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BAGHDAD, Iraq (AP) -- An American soldier died in a rebel ambush and two others were killed in bomb explosions Friday, one of the bloodiest days for the U.S. military since the Dec. 13 capture of Saddam Hussein.
Two of the deaths occurred in Baqouba, a center of guerrilla activity northeast of Baghdad in a Sunni Muslim area that served as a power base for Saddam, the former Iraqi dictator. U.S. forces, who have a base in the town, often conduct raids and arrest suspected insurgents.
One of the U.S. soldiers killed Friday was in a U.S. convoy that came under attack, said Capt. Jefferson Wolfe of the Army's 4th Infantry Division. Another soldier was injured, but troops fired back, killing two attackers, he said.
In a separate incident in the same area, a soldier tried to defuse a homemade bomb, but it blew up and killed him, Wolfe said. Such bombs are a favored weapon of rebels, who leave them on roadsides and detonate them as military convoys pass.
The guerrillas used that tactic Friday in Balad, north of Baghdad, setting off a bomb that killed one soldier, the U.S. military said.
In the capital, a car exploded on the road to the airport, killing its two occupants. U.S. soldiers at the scene said they suspected the two men were bombers whose bomb exploded prematurely.
Further north, three soldiers from the U.S. Army's 101st Airborne Division were wounded in an ambush in Mosul when their convoy came under small arms fire, said Maj. Trey Cate, the division spokesman.
The soldiers, who were searching the city's streets for bombs, returned fire but did not catch their attackers, Cate said. Witnesses claimed a taxi driver was killed in the firefight, but the spokesman could not confirm the report.
On Thursday, Iraqi insurgents shelled an American base in Baqouba, 30 miles northeast of Baghdad, killing two U.S. soldiers, the military said.
Four other soldiers were wounded in the attack, Maj. Josslyn Aberle of the 4th Infantry Division said.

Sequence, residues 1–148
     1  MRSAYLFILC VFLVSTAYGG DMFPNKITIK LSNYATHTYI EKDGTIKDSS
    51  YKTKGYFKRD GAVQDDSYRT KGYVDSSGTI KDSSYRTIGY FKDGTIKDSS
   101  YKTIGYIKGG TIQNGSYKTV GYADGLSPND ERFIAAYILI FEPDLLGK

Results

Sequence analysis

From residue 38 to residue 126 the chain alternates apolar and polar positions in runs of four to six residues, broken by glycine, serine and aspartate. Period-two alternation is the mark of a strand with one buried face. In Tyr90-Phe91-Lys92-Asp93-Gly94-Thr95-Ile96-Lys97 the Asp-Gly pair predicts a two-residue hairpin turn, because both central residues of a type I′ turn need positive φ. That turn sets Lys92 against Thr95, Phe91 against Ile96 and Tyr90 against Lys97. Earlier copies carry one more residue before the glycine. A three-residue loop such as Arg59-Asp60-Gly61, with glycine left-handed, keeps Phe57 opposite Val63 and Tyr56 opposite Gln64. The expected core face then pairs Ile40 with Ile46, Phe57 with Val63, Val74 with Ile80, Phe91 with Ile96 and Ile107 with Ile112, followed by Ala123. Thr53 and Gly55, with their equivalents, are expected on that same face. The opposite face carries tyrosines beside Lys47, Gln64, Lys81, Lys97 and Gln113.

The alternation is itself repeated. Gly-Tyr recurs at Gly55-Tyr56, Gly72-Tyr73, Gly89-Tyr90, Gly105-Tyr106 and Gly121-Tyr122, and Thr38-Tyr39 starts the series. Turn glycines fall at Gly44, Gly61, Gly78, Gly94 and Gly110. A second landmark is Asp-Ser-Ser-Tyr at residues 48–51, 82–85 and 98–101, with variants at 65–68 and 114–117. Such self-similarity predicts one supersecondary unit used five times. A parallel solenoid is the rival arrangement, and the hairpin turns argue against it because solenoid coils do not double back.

A total of 11 U.S. soldiers have died from hostile action since Monday.
Two soldiers from Poland, which has about 2,400 troops in Iraq, were wounded Thursday when assailants struck their convoy with a remote-controlled mine, Col. Zdzislaw Gnatowski told the Polish news agency PAP.
Also on Christmas Day, rocket and mortar attacks hit a hotel housing foreigners and targeted two banks, the Iranian and Turkish embassies and a U.S. Army base. The strikes had more symbolic than military impact; two civilians -- a woman and her daughter sleeping in an apartment -- were hurt, and damage was limited.
Late Thursday, several more explosions were heard in central Baghdad, and sirens sounded in the Green Zone, a barricaded area that houses the headquarters of the U.S.-led coalition governing Iraq. A U.S. military spokesman said two rockets hit a car park near the headquarters, but there were no casualties.
Troops in an aircraft located the launch point and soldiers on the ground captured five men suspected of firing those rockets, Capt. Jason Beck said Friday.
U.S. forces had increased security in the capital following threats of attacks over Christmas, but the strikes showed how easily small bands of rebels operate under cover of night in the city center, and then slip away.
At the same time, the furtive, hit-and-run operations inflicted far less damage than attacks by suicide bombers in recent months that killed dozens of people at embassies, police stations and the United Nations headquarters in Baghdad.
Such targets are now more heavily defended. There are also fewer "soft" targets, with the United Nations withdrawing foreign staffers and many aid workers departing because of security concerns.
The 19-story Ishtar Sheraton Hotel was hit on Christmas Eve and Christmas morning, the first time by a mortar shell, and then by a rocket-propelled grenade.
One grenade, apparently intended for the Sheraton, crashed through a bedroom wall in an apartment building across the street, detonating and inflicting shrapnel wounds on a woman and her 20-year-old daughter.
U.S. soldiers investigating the area found leaflets warning Iraqis to stay home, said Lt. Kurt Muniz of the U.S. Army. The leaflets warned U.S. forces to leave the country and Iraqi police to stop working with foreign occupiers.
The latest military deaths bring the toll to 323 U.S. troops killed in hostile action since the invasion in March.
(Copyright 2003 by The Associated Press. All Rights Reserved.)